Take the story of Harriet Cleveland as a window into the problem: Cleveland, a forty-nine-year-old mother of three from Montgomery, Alabama, worked at a day care center.11×11. See Sarah Stillman, Get Out of Jail, Inc., New Yorker (June 23, 2014), http://www.newyorker.com/magazine/2014/06/23/get-out-of-jail-inc [http://perma.cc/5SU8-EF72]. Starting in 2008, Cleveland received several traffic tickets at a police roadblock in her Montgomery neighborhood for operating her vehicle without the appropriate insurance.12×12. Id. After her license was suspended due to her nonpayment of the ensuing fines and court costs, she continued to drive to work and her child’s school, incurring more debt to Montgomery for driving without a license.13×13. Id. Over the course of several years, including after she was laid off from her job, Cleveland attempted to “chip away” at her debt — while collection fees and other surcharges ballooned it up behind her back.14×14. Id.; see also Amended Complaint at 2, Cleveland v. City of Montgomery, No. 2:13-cv-00732 (M.D. Ala. Nov. 12, 2013) [hereinafter Complaint, Cleveland v. Montgomery], http://www.splcenter.org/sites/default/files/downloads/case/amended_complaint-_harriet_cleveland_0.pdf [http://perma.cc/Y4CM-99AK]. On August 20, 2013, Cleveland was arrested at her home while babysitting her two-year-old grandson.15×15. Complaint, Cleveland v. Montgomery, supra note 14, at 2; see Stillman, supra note 11. The next day, a municipal judge ordered her to pay $1554 or spend thirty-one days in jail.16×16. Complaint, Cleveland v. Montgomery, supra note 14, at 4. She had no choice but to “sit out” her debt at the rate of $50 per day.17×17. Id. at 7. In jail, “[s]he slept on the floor, using old blankets to block the sewage from a leaking toilet.”18×18. Stillman, supra note 11. Cleveland sued the city, alleging that Montgomery’s debt collection procedures and her resultant incarceration violated the Alabama and U.S. Constitutions. See Complaint, Cleveland v. Montgomery, supra note 14, at 2–3. They ultimately settled. See Judicial Procedures of the Municipal Court of the City of Montgomery for Indigent Defendants and Nonpayment, Cleveland v. City of Montgomery, No. 2:13-cv-00732 (M.D. Ala. Sept. 12, 2014) [hereinafter Settlement Agreement, Cleveland v. Montgomery], http://www.splcenter.org/sites/default/files/downloads/case/exhibit_a_to_joint_settlement_agreement_-_judicial_procedures-_140912.pdf [http://perma.cc/ZAH6-DFQS]. Still, as described below, there’s reason to suspect such settlements will not completely solve the problem. Cf. infra notes 55–59 and accompanying text (discussing judicially created solutions in certain states).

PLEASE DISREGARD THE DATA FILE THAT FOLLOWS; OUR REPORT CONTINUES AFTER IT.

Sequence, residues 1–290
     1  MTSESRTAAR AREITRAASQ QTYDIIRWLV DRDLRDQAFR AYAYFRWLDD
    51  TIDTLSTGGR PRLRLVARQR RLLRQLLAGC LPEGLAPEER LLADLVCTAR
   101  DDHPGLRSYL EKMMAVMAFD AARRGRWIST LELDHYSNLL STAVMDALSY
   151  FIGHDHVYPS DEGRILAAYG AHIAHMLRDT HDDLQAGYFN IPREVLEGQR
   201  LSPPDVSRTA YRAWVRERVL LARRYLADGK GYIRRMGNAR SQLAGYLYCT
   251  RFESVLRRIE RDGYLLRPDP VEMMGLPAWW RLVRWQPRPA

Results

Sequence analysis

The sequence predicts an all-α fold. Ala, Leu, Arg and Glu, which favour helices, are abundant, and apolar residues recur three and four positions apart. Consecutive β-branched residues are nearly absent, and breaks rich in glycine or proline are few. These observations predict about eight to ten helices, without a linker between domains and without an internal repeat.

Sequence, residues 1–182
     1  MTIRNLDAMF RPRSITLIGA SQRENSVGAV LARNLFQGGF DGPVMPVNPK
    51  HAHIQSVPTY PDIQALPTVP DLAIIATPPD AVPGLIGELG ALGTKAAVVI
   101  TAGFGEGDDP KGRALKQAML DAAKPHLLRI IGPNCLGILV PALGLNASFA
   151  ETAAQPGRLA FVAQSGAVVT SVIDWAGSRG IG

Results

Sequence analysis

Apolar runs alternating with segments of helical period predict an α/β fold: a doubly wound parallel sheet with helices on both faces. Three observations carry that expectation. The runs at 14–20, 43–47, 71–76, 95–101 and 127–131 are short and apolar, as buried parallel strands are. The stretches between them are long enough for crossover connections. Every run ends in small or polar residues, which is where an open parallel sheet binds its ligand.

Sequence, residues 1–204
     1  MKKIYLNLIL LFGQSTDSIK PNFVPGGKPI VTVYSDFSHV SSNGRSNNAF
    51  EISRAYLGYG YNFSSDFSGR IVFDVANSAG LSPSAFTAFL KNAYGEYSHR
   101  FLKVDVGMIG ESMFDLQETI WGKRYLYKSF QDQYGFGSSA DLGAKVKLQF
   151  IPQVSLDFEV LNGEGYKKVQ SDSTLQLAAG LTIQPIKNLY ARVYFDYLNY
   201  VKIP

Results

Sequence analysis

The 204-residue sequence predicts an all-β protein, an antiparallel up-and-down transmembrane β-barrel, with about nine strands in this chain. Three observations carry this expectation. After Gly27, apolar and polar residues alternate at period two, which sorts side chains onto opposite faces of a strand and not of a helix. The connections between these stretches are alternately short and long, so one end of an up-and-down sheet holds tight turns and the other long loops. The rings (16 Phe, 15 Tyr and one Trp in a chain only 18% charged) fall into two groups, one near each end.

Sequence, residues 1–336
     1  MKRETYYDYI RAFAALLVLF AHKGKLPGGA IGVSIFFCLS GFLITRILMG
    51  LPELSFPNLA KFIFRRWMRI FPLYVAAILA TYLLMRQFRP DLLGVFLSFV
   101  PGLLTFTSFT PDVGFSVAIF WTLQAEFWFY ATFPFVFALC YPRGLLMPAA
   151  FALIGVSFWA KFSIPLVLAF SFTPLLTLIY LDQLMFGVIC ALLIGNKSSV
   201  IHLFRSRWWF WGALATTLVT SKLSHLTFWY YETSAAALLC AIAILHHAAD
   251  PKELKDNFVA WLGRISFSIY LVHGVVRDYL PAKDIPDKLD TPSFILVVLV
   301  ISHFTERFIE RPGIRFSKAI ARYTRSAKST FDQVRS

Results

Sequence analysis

Stories like Cleveland’s have inspired a naissance of advocacy and scholarship that challenge the legal basis for incarceration upon nonpayment of criminal justice debts.19×19. See infra Part II, pp. 1032–34. But existing approaches have failed to recognize an alternate potential font of authority: state bans on debtors’ prisons.20×20. See infra Part III, pp. 1034–43. Most commentators have thus far focused on the 1983 Supreme Court case Bearden v. Georgia.21×21. 461 U.S. 660 (1983). Bearden held that a court cannot, consistently with the Fourteenth Amendment, revoke parole for failure to pay criminal debt when the debtor has made “sufficient bona fide” efforts to pay.22×22. Id. at 662; see also id. at 661–62. The Court also required that a court consider whether alternate sanctions (such as a restructured payment schedule or community service) could meet the state’s interest in punishment and deterrence before resorting to incarceration. See id. at 672. Bearden established a powerful (albeit somewhat vague) standard that protects debtors whose inability to pay isn’t willful, by requiring courts to hold ability-to-pay hearings.23×23. Under Bearden, what counts as “bona fide efforts” was left unspecified, apart from vague references to searching for employment or sources of credit. See id. at 668. This kind of open-ended standard, taken on its own terms, may generate a number of problems. It may leave too much discretion in the hands of the same legal actors responsible for the state of play. See Recent Legislation, 128 Harv. L. Rev. 1312, 1316 (2015). And it seems ill-equipped to protect impoverished debtors who see no reason to embark upon, much less document, futile searches for credit or employment. But, as argued below, certain types of criminal justice debtors fall under an even higher degree of protection than Bearden provides.
Another type of legal claim should be considered alongside Bearden: one based on the many state constitutional bans on debtors’ prisons.24×24. While outside the scope of analysis here, Professor Beth Colgan has argued that incarceration for criminal justice debt might also violate the Excessive Fines Clause of the Eighth Amendment. See U.S. Const. amend. VIII; Beth A. Colgan, Reviving the Excessive Fines Clause, 102 Calif. L. Rev. 277 (2014). Others assert that certain prison conditions arguably violate the Cruel and Unusual Punishments Clause or the Thirteenth Amendment’s prohibition on involuntary servitude. See U.S. Const. amend. VIII; id. amend. XIII; Class Action Complaint at 57–58, Jenkins v. City of Jennings, No. 4:15-cv-00252 (E.D. Mo. Feb. 8, 2015) [hereinafter Complaint, Jenkins v. Jennings], http://equaljusticeunderlaw.org/wp/wp-content/uploads/2015/02/Complaint-Jennings-Debtors-Prisons-FILE-STAMPED.pdf [http://perma.cc/LM7S-LZW2]. These state bans were enacted over several decades in the first half of the nineteenth century, as a backlash against imprisonment for commercial debt swept the nation. While the contemporary discussion on criminal justice debt often makes cursory reference to this historic abolition of debtors’ prisons,25×25. See, e.g., Sarah Dolisca Bellacicco, Note, Safe Haven No Longer: The Role of Georgia Courts and Private Probation Companies in Sustaining a De Facto Debtors’ Prison System, 48 Ga. L. Rev. 227, 234 (2013). the legal literature contains no sustained analysis of whether the state bans on debtors’ prisons might invalidate some of what’s going on today.